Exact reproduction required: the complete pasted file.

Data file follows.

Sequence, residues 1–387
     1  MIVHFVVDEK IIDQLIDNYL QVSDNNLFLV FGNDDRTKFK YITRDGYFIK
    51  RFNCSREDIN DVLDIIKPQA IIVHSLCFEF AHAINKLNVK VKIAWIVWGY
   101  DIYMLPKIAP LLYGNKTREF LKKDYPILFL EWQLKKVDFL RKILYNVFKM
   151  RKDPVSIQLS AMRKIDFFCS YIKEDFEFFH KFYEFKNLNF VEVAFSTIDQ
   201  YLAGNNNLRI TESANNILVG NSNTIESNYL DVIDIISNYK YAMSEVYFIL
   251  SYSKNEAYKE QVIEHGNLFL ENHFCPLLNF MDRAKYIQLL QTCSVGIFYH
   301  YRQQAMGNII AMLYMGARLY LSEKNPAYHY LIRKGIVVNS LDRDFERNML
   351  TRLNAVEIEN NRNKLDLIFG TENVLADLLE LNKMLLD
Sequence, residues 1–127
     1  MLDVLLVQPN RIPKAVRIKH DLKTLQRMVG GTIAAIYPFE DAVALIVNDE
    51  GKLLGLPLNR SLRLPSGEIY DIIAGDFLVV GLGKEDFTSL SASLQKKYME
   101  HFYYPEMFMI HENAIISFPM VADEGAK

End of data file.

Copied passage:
Sequence, residues 1–387
     1  MIVHFVVDEK IIDQLIDNYL QVSDNNLFLV FGNDDRTKFK YITRDGYFIK
    51  RFNCSREDIN DVLDIIKPQA IIVHSLCFEF AHAINKLNVK VKIAWIVWGY
   101  DIYMLPKIAP LLYGNKTREF LKKDYPILFL EWQLKKVDFL RKILYNVFKM
   151  RKDPVSIQLS AMRKIDFFCS YIKEDFEFFH KFYEFKNLNF VEVAFSTIDQ
   201  YLAGNNNLRI TESANNILVG NSNTIESNYL DVIDIISNYK YAMSEVYFIL
   251  SYSKNEAYKE QVIEHGNLFL ENHFCPLLNF MDRAKYIQLL QTCSVGIFYH
   301  YRQQAMGNII AMLYMGARLY LSEKNPAYHY LIRKGIVVNS LDRDFERNML
   351  TRLNAVEIEN NRNKLDLIFG TENVLADLLE LNKMLLD
Sequence, residues 1–127
     1  MLDVLLVQPN RIPKAVRIKH DLKTLQRMVG GTIAAIYPFE DAVALIVNDE
    51  GKLLGLPLNR SLRLPSGEIY DIIAGDFLVV GLGKEDFTSL SASLQKKYME
   101  HFYYPEMFMI HENAIISFPM VADEGAK